The future decline of “natural ice” as an industry was already beginning.  In 1900, the magazine under a section titled “Newplants and Improvements” dozens of cities were building “ice machines” in the Connecticut section (pg. 128): including New Haven, CT.

“New Haven – Lee & Hoyt, cold storage warehousemen have recently equipped their warehouse with an Allen ice machine.”

And …

“South Norwalk – Plans have been matured for the organization of a company with 50,000 capital to erect and operate a plant for the manufacture of ice.”

The release of electric refrigerators in the 1920’s would doom the ice industry and the “icebox” and the iceman. By the 1940s, the term iceman was relegated to the pagers of history.  So was the large catches of the Blue Crab.

The ice famines were over, but a colder New England climate with more northwesterly winds meant doom for the Blue Crab.  Here in the historical fishers’ literature, the great blue crab habitat expansion- the term that Rhode Island Fishery managers called the “crab question” now retreated to the last areas of habitat suitability - the warmer salt ponds.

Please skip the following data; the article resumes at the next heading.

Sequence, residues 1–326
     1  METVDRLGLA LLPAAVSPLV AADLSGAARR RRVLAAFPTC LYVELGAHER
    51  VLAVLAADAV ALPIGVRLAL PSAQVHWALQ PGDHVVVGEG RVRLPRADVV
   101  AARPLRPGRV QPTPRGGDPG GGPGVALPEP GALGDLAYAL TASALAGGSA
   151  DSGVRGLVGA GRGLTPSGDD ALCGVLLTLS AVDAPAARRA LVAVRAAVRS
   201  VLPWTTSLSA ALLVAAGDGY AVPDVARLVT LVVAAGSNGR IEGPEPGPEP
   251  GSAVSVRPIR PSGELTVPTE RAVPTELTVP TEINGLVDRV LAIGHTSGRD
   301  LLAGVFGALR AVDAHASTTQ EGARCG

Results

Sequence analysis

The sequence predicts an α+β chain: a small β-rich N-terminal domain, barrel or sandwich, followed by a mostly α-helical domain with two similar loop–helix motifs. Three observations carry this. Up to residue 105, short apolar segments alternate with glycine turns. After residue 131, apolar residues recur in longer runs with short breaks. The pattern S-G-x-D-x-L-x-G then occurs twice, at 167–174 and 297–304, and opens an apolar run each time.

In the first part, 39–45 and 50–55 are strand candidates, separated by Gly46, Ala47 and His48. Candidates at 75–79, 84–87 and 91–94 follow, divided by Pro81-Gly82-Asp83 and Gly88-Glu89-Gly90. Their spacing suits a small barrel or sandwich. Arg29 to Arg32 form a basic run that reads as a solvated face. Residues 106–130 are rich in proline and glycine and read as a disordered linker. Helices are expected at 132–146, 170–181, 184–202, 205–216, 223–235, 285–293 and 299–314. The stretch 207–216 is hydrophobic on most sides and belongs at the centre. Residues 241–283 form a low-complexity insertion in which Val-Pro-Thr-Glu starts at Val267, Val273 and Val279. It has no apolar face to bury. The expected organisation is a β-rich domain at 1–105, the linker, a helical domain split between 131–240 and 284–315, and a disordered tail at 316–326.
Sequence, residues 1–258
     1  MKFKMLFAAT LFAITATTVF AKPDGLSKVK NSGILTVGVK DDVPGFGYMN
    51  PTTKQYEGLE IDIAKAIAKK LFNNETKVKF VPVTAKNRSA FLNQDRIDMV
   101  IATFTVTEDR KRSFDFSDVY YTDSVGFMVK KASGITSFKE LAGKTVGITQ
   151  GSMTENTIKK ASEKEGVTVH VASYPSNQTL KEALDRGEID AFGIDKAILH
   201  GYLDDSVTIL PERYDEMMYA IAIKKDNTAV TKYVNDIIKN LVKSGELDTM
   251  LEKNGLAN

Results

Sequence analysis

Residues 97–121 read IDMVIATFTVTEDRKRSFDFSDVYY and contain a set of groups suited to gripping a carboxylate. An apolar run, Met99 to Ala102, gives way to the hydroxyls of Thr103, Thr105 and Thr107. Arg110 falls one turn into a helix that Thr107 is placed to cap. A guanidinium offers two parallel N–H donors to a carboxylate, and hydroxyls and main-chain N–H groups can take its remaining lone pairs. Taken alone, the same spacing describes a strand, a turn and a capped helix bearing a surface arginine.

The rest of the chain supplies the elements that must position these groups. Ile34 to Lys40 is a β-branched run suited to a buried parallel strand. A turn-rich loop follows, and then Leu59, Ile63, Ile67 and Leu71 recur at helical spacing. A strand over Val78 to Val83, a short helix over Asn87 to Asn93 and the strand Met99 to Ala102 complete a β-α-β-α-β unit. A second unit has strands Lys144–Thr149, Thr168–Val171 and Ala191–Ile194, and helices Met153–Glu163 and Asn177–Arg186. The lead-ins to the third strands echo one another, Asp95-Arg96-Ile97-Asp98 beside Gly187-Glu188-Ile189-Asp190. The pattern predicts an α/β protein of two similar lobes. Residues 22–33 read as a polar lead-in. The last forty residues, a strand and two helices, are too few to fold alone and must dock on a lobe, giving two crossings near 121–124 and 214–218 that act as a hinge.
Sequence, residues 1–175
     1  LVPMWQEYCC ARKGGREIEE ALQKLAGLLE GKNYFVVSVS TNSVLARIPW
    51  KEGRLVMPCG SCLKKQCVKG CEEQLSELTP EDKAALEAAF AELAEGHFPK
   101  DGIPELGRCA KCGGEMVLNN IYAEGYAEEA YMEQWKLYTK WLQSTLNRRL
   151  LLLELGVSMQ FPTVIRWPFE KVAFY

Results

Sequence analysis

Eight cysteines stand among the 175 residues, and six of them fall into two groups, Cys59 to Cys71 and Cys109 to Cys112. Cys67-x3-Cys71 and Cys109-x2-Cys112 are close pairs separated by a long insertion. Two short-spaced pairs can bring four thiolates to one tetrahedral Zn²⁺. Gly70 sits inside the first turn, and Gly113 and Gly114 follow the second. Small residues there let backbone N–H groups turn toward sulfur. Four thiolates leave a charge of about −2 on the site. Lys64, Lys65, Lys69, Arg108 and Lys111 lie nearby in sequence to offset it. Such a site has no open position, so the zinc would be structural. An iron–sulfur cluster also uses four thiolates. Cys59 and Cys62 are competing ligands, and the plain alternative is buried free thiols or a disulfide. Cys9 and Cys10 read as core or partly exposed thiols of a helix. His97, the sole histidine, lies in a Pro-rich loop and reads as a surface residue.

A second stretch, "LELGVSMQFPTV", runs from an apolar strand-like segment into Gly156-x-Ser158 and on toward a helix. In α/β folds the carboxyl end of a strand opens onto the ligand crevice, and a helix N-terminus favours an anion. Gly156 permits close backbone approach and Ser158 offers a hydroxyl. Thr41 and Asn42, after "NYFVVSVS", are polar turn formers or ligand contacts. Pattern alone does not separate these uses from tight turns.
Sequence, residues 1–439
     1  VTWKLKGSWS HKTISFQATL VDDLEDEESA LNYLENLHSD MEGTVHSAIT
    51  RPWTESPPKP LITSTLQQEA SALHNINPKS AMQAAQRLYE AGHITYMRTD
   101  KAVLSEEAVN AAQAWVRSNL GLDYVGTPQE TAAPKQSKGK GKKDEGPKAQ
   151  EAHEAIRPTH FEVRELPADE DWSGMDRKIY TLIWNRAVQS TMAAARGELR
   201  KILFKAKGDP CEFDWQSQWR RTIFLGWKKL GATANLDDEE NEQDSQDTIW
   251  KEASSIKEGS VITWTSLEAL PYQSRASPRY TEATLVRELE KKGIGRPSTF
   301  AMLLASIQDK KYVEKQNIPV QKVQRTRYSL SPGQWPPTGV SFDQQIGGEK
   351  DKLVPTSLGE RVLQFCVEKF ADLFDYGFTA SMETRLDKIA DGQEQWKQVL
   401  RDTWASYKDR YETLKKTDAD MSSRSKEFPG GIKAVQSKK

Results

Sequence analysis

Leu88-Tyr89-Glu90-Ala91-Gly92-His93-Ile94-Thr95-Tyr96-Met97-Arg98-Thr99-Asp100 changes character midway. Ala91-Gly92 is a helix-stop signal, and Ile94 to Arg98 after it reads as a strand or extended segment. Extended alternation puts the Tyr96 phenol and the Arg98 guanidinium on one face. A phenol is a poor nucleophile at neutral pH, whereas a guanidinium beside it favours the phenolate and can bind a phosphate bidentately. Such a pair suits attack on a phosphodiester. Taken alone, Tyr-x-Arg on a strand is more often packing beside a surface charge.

Much has changed from the last century and we have created habitats of refuge for the blue crab – dredged channels. These are next to shallows – the creeks and salt marsh peat that absorb heat in the spring.  Look to these shallows to have the first feeding blue crabs. The dredged channels provide the over winter habitat, the dredged basins (or deep salt ponds the food), the marshes and shallow creeks provide the warm water. Look to these areas for the first catches of the 2018 blue crab season.

Have a safe and productive fishing season.
Blue Chip

All crab and crab habitat observations are important as we learn more about them. Send comments or questions to [email protected]


   
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« Reply #1 on: May 02, 2018, 05:52:23 AM »

Something for thought----  The last few years ,on this forum I have had more than one comment on how I get crabs early and some of the more southern states are still not seeing a lot of crabs, Is this a different species that tolerates colder water??   Hmmm !!!!!!
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« Reply #2 on: May 02, 2018, 11:08:54 AM »

another good read
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« Reply #3 on: May 13, 2018, 12:03:41 PM »

Interesting post. Thanks